Tuesday, March 01, 2011

Maritime surveillance begins ... in India

Having dumped Portillo's folly, aka Nimrod MR4, at a cost of some £4.2 billion, the UK now lacks a vital maritime surveillance capability. Not only does this leaves us gravely weakened, it means we are also without the important and very necessary assets needed to deal with major maritime emergencies.

However, as a reader so kindly reminds me, while we might be bereft of such capabilities, the emergent regional superpower, India, is in the process of acquiring eight state-of-the-art maritime surveillance aircraft (pictured), only one less than the nine Nimrods that we have scrapped after a Tory defence secretary made the wrong choice.

The Indian beasts are the US-built Boeing P-8A Poseidon, a platform which might not be quite as capable as the MR4 on paper, but is in fact vastly more capable because it is flying, and the Nimrod is a pile of expensive junk, on its way to the some Chinese recycler.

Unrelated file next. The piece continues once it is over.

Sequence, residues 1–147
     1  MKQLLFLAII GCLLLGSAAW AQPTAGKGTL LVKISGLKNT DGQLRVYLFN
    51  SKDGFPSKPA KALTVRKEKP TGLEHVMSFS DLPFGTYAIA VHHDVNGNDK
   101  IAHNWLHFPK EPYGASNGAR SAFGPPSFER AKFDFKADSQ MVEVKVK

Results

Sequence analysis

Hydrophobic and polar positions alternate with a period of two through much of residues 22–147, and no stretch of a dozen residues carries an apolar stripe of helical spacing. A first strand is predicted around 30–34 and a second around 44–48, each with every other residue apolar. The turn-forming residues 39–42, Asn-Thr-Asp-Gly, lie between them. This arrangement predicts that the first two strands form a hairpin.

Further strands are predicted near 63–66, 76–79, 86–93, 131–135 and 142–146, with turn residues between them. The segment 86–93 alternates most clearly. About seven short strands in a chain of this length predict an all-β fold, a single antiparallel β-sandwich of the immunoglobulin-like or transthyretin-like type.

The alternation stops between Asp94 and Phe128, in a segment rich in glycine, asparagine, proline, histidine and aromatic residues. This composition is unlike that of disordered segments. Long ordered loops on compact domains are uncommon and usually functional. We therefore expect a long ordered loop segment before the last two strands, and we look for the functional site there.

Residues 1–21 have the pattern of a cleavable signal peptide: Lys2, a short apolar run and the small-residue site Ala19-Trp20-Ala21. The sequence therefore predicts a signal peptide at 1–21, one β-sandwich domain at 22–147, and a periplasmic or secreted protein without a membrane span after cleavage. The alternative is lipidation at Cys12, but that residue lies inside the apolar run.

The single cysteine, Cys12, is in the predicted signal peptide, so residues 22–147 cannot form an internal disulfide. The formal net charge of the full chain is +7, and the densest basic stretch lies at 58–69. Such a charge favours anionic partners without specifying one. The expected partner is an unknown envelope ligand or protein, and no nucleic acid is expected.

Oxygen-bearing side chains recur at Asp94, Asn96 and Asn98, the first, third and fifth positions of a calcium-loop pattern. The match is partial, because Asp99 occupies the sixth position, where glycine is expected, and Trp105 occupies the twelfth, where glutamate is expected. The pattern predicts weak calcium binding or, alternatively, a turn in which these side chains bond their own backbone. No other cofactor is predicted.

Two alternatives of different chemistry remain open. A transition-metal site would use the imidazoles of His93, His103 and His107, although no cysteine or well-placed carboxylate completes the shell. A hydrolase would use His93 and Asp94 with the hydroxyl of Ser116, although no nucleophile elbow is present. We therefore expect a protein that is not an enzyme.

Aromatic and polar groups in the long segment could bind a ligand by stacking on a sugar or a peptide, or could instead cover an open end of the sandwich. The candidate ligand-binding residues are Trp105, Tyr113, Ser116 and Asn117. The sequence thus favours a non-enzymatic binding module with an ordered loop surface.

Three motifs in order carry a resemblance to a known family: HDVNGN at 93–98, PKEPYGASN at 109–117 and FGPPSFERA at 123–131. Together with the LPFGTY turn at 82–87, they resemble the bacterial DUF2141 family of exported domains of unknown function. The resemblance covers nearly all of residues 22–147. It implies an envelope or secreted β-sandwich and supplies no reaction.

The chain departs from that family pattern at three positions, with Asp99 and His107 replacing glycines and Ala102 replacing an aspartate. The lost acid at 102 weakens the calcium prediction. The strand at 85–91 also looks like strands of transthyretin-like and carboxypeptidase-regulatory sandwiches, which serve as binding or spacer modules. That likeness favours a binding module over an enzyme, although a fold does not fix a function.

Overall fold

But what makes this so fascinating is that the cost of the deal at $2.1 billion, which includes an element of support, has a purchase price which is roughly equivalent to the amount of UK aid we pay to India.

In the days when, it seems, charity no longer begins at home, it seems also that maritime surveillance doesn't either. However, we are sure that the British taxpayer is entirely content to have seen Tory Governments piss £4.2 billion down the drain, having ordered the MR4 and now cancelled it, while buying for the Indians a facility we can no longer afford.

How lucky we are to have such a wise and forward-looking government - to which we are so generously giving money. Perhaps we can ask the Indians to help us out now and again.